During one of my recent walks in the woods at Mohonk, my friends and I came upon this beautiful fungus!
It appears to be a shelf fungus known as Laetiporus sulphureus – also known as “Chicken of the Woods” – though this young specimen is not as yellow as that species is known to be. It is likely at least a close relative, though, or just a purely whiter young bloom that has yet to yellow with maturity. Recent DNA studies have split up what used to be universally recognized as L. sulphureus into six different species in North America alone, but L. sulphureus is the one that tends to take up residence in the Northeast.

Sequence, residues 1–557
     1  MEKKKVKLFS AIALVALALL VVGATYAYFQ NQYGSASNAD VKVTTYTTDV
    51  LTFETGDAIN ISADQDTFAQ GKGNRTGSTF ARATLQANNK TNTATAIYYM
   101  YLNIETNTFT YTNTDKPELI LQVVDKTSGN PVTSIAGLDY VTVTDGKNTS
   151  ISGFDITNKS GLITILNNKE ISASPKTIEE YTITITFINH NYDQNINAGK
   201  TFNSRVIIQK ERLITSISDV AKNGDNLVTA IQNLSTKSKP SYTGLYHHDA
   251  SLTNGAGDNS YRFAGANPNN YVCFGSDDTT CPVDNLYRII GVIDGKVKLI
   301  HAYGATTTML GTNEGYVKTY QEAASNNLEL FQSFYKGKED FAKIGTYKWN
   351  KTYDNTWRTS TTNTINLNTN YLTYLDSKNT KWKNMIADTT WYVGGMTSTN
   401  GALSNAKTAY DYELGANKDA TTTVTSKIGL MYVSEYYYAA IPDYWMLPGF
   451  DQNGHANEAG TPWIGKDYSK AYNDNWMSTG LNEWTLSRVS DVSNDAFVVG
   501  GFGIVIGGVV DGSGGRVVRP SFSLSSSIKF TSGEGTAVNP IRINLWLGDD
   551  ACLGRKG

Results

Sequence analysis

Chicken of the Woods – like the title suggests – is edible. No hallucinations or anything, but you know, if you’re ever in a bind for food…
I feel bad for the tree, though. This fungus is not just saprobic (feeds on dead trees) but also parasitic (feeds on live ones). It is a heart rot fungus and is seen high up on the tree, as you can see in the photo. Of course, by the time you can see it in full-Chicken bloom, it’s already too late.
The heart has rotted.
The tree will die.
Such is the seeming relationship between beauty and death.
And so, the forest becomes its own stage for tragedy, unfolding its quiet story before the wanderers attuned to its mysteries.